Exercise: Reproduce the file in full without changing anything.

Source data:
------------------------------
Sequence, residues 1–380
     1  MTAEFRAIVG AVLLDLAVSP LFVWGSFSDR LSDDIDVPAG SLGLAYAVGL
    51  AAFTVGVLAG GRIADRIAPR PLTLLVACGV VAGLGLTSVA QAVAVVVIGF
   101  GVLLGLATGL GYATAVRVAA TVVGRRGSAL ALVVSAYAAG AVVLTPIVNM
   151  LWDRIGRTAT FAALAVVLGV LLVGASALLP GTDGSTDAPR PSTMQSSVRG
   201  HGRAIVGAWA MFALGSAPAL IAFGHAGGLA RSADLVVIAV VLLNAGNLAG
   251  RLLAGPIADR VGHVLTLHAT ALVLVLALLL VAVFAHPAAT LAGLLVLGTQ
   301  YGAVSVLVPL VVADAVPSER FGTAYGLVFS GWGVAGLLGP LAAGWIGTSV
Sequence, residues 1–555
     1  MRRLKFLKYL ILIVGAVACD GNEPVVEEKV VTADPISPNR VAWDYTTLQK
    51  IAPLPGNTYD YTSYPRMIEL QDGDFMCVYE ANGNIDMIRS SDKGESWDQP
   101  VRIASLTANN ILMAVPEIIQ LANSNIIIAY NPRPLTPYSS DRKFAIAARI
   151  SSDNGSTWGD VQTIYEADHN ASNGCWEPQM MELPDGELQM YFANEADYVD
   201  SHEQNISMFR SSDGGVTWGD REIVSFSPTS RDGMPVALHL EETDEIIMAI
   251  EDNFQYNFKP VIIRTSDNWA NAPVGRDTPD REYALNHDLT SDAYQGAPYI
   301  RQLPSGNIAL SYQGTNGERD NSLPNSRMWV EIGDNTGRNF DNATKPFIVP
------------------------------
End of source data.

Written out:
Sequence, residues 1–380
     1  MTAEFRAIVG AVLLDLAVSP LFVWGSFSDR LSDDIDVPAG SLGLAYAVGL
    51  AAFTVGVLAG GRIADRIAPR PLTLLVACGV VAGLGLTSVA QAVAVVVIGF
   101  GVLLGLATGL GYATAVRVAA TVVGRRGSAL ALVVSAYAAG AVVLTPIVNM
   151  LWDRIGRTAT FAALAVVLGV LLVGASALLP GTDGSTDAPR PSTMQSSVRG
   201  HGRAIVGAWA MFALGSAPAL IAFGHAGGLA RSADLVVIAV VLLNAGNLAG
   251  RLLAGPIADR VGHVLTLHAT ALVLVLALLL VAVFAHPAAT LAGLLVLGTQ
   301  YGAVSVLVPL VVADAVPSER FGTAYGLVFS GWGVAGLLGP LAAGWIGTSV
Sequence, residues 1–555
     1  MRRLKFLKYL ILIVGAVACD GNEPVVEEKV VTADPISPNR VAWDYTTLQK
    51  IAPLPGNTYD YTSYPRMIEL QDGDFMCVYE ANGNIDMIRS SDKGESWDQP
   101  VRIASLTANN ILMAVPEIIQ LANSNIIIAY NPRPLTPYSS DRKFAIAARI
   151  SSDNGSTWGD VQTIYEADHN ASNGCWEPQM MELPDGELQM YFANEADYVD
   201  SHEQNISMFR SSDGGVTWGD REIVSFSPTS RDGMPVALHL EETDEIIMAI
   251  EDNFQYNFKP VIIRTSDNWA NAPVGRDTPD REYALNHDLT SDAYQGAPYI
   301  RQLPSGNIAL SYQGTNGERD NSLPNSRMWV EIGDNTGRNF DNATKPFIVP